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Understanding Why Ceramics Fail and Designing for Safety


May 3, 2018 | 8:00 a.m. – 4:30 p.m. | Marriott Cleveland Airport, Cleveland, Ohio  





Book a room at Marriott Cleveland Airport hotel, click the red button below.





Distance to IX Center: 7 miles

Rate $134.00/night + tax

ACerS Headquarters Hotel

Host to the Ceramics Expo Welcome Reception, Monday, April 30th, including one (1) complimentary drink

Complimentary Shuttle to/from IX Center

Complimentary in-room Wi-Fi

Complimentary self-parking (usually $8/car/night)



Instructor: Steve Freiman, Freiman Consulting Inc.



Engineers who use ceramic components know they are brittle and can cause damage and even mechanical failure. This course presents a practical fracture mechanics background so you can better understand brittle failure. This course is good for anyone working with ceramic components to include electronic, optical, or structural applications, among others.


“What I liked about this course was the link from the fundamentals of fracture mechanics to real applications,” –2017 short course survey response



Course Description  


In this course we will describe some of the unique characteristics of ceramic materials, which must be taken into account in their design and use. Microstructural effects, which have a major influence on both fracture toughness and strength, will be explored in some detail. The deleterious effects of external environments, particularly water, on crack growth, and the test procedures needed to explore this phenomenon will be discussed. Best practices in the use of both fracture mechanics and strength tests will be reviewed.  Quantitative fractographic analysis of failed parts will be shown to be a powerful tool in understanding the cause of failure as well as to quantitatively determine failure stresses that arose in-service.  Finally, a modern, computer-driven approach to statistically examine strength distributions for ceramics will be demonstrated.  It will be shown that this tool can be used to set service stresses which will ensure safe lifetimes to very low probabilities of failure.


“This course picked up where my college courses left off—I especially liked the statistical part, which was much more practical than some of the other prediction methods I have learned.” –2017 short course survey response



Instructor Biography

Freiman, Stephen W_1998 (2)Stephen Freiman graduated from the Georgia Institute of Technology with a B. ChE. and a M. S. in Metallurgy. After receiving a Ph.D. in Materials Science and Engineering from the University of Florida in 1968, Freiman worked at the IIT Research Institute and the Naval Research Laboratory. He joined NIST (then NBS) in 1978. From 1992 to 2002 Freiman served as Chief of the Ceramics Division at NIST, overseeing programs in ceramic processing and properties. Prior to his leaving NIST in 2006 to start a consulting business (Freiman Consulting Inc.), Freiman served for four years as Deputy Director of the Materials Science and Engineering Laboratory. Freiman has published over 200 scientific papers focusing primarily on the mechanical properties of brittle materials. He was the first Chairman of the ASTM Subcommittee addressing brittle fracture and a past Chair of the Steering Committee of the Versailles Project for Advanced Materials and Standards. Freiman served as Treasurer, and President of The American Ceramic Society, and is a Fellow and Distinguished Life Member of the Society. Dr. Freiman is coauthor of the book The Fracture of Brittle Materials: Testing and Analysis.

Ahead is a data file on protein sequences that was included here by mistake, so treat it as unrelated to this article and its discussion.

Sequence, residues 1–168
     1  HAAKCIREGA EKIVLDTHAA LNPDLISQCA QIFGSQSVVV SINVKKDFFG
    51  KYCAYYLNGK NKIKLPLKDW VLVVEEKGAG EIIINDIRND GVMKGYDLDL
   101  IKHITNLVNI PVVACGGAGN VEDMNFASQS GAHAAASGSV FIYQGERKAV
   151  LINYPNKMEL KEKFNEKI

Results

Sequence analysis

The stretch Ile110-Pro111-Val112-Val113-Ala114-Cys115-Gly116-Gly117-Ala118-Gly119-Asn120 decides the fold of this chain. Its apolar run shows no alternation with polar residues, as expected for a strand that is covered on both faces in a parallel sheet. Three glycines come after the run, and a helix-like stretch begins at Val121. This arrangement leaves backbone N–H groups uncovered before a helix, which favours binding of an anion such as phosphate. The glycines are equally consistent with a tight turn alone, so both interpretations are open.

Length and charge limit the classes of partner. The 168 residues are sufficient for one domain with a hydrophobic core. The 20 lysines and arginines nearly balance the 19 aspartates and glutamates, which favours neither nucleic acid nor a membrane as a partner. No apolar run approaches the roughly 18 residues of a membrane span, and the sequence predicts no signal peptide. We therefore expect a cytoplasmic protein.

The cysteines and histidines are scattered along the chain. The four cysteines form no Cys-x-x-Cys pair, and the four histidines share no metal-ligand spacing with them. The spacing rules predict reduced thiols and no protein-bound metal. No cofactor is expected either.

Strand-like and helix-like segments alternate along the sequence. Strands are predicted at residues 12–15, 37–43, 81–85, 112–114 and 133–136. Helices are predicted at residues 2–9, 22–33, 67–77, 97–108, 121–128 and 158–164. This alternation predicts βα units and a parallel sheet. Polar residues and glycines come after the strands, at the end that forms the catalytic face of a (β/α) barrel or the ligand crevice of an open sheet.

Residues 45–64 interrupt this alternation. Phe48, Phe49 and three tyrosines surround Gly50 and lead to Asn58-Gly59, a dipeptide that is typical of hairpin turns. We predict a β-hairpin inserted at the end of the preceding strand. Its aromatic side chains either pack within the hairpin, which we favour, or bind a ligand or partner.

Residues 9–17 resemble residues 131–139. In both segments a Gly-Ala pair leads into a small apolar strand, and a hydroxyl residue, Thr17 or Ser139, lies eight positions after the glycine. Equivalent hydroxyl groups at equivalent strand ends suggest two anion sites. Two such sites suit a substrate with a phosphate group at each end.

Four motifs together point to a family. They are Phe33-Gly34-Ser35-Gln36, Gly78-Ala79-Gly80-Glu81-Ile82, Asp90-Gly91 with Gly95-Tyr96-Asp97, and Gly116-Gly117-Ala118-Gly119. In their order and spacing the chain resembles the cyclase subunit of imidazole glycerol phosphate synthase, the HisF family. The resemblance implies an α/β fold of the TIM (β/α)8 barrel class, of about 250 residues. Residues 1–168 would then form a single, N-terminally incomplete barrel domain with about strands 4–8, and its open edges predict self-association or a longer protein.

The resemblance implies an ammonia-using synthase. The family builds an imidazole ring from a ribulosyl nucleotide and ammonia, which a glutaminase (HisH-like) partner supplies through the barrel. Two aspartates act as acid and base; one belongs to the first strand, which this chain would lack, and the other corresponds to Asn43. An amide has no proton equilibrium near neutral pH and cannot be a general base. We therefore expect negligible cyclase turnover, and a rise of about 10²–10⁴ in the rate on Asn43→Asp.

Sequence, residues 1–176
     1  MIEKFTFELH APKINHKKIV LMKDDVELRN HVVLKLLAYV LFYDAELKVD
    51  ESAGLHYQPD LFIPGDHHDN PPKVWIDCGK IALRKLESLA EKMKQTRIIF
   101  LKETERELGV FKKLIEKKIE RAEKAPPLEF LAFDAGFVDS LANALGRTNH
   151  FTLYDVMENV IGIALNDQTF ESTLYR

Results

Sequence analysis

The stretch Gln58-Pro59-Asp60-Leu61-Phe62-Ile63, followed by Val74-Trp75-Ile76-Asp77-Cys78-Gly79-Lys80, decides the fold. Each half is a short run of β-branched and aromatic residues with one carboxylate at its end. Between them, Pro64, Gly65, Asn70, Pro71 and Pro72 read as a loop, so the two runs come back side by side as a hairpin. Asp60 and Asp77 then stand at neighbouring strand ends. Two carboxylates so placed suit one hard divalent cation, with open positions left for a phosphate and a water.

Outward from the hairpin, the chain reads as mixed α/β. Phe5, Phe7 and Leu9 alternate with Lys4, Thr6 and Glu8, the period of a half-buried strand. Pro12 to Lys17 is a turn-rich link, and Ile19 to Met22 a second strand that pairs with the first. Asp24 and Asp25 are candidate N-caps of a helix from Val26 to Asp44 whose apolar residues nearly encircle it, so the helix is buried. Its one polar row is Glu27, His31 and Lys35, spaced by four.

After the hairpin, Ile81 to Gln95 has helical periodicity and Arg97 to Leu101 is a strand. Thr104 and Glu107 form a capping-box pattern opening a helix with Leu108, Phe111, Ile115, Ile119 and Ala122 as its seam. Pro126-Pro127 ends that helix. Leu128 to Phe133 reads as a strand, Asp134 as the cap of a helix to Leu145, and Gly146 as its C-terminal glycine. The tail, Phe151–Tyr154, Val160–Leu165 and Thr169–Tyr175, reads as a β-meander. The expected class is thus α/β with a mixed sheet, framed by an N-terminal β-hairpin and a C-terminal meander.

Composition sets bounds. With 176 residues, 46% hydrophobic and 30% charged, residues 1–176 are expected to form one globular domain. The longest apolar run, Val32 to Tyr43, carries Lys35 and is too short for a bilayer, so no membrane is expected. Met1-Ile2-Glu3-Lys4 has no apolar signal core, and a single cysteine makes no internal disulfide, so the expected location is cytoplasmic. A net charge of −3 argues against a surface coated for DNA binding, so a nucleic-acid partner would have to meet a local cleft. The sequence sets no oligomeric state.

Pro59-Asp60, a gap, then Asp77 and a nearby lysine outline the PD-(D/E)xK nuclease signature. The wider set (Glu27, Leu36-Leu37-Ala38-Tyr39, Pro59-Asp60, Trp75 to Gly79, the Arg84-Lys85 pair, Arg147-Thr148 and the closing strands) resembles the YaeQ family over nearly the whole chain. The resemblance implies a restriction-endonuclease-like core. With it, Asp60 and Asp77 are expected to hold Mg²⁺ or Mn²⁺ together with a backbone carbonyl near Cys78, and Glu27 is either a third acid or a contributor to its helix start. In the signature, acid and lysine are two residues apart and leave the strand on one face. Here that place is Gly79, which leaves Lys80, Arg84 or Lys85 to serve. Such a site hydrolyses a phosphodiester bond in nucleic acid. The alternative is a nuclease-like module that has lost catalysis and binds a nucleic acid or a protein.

To register for this course, click the appropriate ACerS membership category below.


  On or before March 29, 2018 After March 29, 2018
Member $575 $725
Nonmember $675 $825
Student $425 $525


Cancellation Policy

ACerS reserves the right to cancel a course up to 4 weeks before the scheduled presentation date. Please contact ACerS customer service at 1-866-721-3322 or 1-240-646-7054 to confirm that the course is happening before purchasing your airline tickets. ACerS is not responsible for the purchase of non-refundable airline tickets or the cancellation/change fees associated with canceling a flight.




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